My parents are amazing and did well to raise my brother and I as unprejudiced as possible, but that background is a large obstacle when it comes to issues of race.
But I didn’t see it that way. For many years I was convinced that, in spite of my monochromatic background, I was still able to see race issues clearly and with a balanced perspective. And most certainly, I would never have classified myself as a racist.
Sacha Black–Mother, Wife, Writer–writes about how bullying made her who she is. Will she thank the bullies? No. Being bullied, however, was something she was able to transform into determination. Thank you, Samantha, for sharing your story.
I had to coax myself into posting this. Not because I didn’t want to do a post for #1000Speak, but because bullying is one of those things that everyone has been affected by, and I am no exception. It’s all a little close to the bone. Bullying is one of those universal topics that touches the lives of almost everyone. But I want to focus on the positive. On why being bullied made me a better writer. Without having been bullied I wouldn’t have focused on writing in my youth, and I probably wouldn’t have realised writing was my dream. So am I compassionate with the bullies? No, probably not, I know that’s the point of 1000speak, but, I am grateful for the experience of bullying.
I Am Not A Slut: Slut-Shaming in the Age of Social Media
Recently I read a very interesting book. It was written byLeora Tanenbaum, who first coined the term “slut-bashing” in her book Slut!: Growing Up Female With a Bad Reputation, published in August of 2010. Having been labeled a “slut” in high school merely because she developed early, Tanenbaum wrote an article for Seventeen Magazine and was later motivated to write her first book.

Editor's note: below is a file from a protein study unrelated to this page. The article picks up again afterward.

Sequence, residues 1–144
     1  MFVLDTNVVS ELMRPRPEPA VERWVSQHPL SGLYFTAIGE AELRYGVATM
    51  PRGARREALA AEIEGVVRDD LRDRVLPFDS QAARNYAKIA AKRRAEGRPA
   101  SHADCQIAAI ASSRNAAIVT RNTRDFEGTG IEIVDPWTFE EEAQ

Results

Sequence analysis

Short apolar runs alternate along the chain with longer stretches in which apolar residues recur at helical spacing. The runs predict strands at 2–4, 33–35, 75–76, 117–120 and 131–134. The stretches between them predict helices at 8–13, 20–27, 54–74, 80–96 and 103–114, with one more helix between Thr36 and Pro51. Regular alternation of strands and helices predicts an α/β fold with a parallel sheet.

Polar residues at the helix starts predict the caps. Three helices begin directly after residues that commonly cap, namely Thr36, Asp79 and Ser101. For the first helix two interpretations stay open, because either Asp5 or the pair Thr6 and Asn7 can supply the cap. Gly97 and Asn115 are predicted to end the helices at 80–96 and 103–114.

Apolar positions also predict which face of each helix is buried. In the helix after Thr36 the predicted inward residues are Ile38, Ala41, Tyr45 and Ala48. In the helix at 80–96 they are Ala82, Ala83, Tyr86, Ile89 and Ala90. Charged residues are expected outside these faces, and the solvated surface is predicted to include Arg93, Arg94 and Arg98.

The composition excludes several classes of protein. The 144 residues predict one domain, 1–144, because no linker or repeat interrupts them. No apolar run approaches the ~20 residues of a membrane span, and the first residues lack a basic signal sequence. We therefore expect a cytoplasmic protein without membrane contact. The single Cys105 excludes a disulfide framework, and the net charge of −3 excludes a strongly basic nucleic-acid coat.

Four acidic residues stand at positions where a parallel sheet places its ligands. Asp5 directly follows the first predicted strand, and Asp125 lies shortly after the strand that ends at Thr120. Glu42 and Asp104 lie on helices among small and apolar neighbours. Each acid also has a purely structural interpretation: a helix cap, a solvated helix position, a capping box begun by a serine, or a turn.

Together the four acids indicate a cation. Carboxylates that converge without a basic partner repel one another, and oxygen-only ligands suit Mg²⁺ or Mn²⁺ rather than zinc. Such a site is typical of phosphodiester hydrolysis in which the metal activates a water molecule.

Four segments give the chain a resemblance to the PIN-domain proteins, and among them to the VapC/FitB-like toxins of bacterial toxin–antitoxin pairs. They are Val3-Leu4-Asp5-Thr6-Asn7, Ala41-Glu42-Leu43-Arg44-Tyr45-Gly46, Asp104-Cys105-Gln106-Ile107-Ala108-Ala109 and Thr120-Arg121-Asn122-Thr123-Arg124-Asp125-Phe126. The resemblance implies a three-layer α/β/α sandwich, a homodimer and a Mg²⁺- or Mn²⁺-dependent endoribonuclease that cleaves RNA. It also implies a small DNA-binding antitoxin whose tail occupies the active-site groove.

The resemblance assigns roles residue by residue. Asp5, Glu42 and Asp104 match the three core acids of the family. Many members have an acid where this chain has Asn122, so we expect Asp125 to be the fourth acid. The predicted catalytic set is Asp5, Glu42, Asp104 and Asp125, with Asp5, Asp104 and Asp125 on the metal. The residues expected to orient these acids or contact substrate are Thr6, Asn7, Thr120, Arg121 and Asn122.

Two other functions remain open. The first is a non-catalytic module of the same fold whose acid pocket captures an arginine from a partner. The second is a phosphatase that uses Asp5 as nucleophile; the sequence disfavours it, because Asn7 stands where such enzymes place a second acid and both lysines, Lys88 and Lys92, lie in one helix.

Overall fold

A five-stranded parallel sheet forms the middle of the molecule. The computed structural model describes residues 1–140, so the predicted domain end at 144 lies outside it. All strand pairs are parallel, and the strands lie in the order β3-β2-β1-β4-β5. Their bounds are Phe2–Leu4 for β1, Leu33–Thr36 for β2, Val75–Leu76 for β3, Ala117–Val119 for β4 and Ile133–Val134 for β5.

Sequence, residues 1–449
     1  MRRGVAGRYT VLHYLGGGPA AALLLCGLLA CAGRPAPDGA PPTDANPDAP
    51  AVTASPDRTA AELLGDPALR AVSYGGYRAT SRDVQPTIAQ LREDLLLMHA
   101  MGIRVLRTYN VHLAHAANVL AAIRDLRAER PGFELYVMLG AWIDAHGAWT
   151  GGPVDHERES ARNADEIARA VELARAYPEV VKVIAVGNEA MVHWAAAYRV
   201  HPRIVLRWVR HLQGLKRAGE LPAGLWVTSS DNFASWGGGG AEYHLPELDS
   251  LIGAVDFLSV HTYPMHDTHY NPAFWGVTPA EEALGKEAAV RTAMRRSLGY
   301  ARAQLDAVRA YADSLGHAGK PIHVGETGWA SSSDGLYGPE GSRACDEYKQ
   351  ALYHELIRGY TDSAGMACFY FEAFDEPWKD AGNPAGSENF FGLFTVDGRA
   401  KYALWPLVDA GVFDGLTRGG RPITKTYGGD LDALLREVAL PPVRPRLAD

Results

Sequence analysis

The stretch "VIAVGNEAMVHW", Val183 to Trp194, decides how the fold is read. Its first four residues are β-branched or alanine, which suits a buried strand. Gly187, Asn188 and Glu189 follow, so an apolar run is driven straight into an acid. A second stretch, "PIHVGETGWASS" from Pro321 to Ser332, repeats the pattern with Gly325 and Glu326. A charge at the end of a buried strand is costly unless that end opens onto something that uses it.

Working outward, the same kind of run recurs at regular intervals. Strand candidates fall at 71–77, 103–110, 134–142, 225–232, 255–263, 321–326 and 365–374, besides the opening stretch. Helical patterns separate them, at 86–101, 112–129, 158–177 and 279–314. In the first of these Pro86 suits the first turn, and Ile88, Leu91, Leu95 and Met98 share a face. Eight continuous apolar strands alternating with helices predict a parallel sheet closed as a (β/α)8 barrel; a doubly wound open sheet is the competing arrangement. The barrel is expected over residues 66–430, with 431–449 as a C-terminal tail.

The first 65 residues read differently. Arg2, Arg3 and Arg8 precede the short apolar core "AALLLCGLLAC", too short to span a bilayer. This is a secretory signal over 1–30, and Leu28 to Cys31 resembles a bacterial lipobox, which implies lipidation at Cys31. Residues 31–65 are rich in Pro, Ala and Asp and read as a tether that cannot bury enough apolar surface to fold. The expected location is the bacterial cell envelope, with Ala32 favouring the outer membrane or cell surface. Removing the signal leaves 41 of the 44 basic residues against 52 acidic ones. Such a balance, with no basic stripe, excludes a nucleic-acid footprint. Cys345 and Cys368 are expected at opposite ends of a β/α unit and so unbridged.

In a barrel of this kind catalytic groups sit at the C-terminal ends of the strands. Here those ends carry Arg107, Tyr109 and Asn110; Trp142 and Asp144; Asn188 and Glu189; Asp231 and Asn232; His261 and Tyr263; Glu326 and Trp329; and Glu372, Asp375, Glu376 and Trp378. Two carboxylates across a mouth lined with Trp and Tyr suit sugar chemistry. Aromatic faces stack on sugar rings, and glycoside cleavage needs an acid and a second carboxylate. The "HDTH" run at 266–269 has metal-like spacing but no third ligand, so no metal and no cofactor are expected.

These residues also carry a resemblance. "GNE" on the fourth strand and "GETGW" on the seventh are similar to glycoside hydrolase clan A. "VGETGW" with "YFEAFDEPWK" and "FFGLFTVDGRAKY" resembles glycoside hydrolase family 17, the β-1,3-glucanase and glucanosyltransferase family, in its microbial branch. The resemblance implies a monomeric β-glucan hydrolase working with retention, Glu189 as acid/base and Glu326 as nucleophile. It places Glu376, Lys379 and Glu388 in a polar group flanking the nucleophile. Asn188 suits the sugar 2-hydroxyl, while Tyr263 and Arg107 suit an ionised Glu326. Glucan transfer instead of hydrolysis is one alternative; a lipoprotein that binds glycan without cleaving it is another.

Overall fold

Traveling to several locations and schools in the US, Tanenbaum spoke to female teens, young women, and educators about how the Internet has escalated the problem of “slut-bashing.” While her own research is largely anecdotal, she cites many research cases regarding the situation. She also explains why she believes that current attempts to “reclaim” the term “slut,” such as she witnessed at the NYC SlutWalk, will ultimately fail, being an option only for those privileged to be white.
If you have a female child, educate her before puberty, which for many girls these days occurs at an early age.
Thanks to author Leora Tanenbaum for the inspiration and much of the information provided in this article. Check out Lizzie Crocker’s review of Slut!: Growing Up Female With a Bad Reputation in The Daily Beast.
This post is for the victims of cyberbullying and slut-shaming who took their lives rather than live a life of shame:
I’m reblogging this message of compassion and empathy from Joyezeka, who currently resides in South Africa, but who has family and friends in Nigeria and Abuja. A sensitive person who tries to remain detached from the pain of others in the news, she had the courage to embrace the victims of Boko Haram as her family, despite the discomfort this caused her because of her fear for those she does know who are in danger.
Joyezeka, thank you for your courage, and may we all embrace victims of such violence as family members, no longer dissociating ourselves from what is happening in the world today because it makes us uneasy.
Imagine, even just for a moment, that these victims are your wives, husbands, daughters, sons, nieces, and nephews… Can you feel it?
Our planet is small, and its people are one. Detachment as a coping mechanism is not a solution to the pain and suffering of others. When one suffers, we all suffer. That is compassion.
Click here to find current information about the war against Boko Haram.